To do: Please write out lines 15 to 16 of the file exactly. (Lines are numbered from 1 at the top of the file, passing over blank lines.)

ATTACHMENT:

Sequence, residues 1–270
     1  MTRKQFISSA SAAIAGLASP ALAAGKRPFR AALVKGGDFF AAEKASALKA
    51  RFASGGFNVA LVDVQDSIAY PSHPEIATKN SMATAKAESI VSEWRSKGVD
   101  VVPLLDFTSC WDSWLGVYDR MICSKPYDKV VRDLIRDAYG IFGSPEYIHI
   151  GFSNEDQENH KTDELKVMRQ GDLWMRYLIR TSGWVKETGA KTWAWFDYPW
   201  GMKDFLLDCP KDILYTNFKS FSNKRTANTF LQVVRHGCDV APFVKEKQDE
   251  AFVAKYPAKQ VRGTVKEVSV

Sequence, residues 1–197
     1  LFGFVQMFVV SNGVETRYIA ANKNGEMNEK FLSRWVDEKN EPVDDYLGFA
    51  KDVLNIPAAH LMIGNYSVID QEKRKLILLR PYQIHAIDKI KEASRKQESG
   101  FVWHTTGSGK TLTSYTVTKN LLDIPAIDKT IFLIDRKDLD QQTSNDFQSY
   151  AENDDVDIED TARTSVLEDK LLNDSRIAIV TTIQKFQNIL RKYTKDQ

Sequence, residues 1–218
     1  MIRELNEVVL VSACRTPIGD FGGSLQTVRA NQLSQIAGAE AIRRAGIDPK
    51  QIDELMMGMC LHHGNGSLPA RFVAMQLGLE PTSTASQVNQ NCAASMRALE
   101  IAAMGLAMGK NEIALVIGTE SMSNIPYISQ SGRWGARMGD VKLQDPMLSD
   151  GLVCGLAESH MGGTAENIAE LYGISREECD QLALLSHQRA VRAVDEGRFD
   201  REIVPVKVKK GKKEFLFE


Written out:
    51  QIDELMMGMC LHHGNGSLPA RFVAMQLGLE PTSTASQVNQ NCAASMRALE
   101  IAAMGLAMGK NEIALVIGTE SMSNIPYISQ SGRWGARMGD VKLQDPMLSD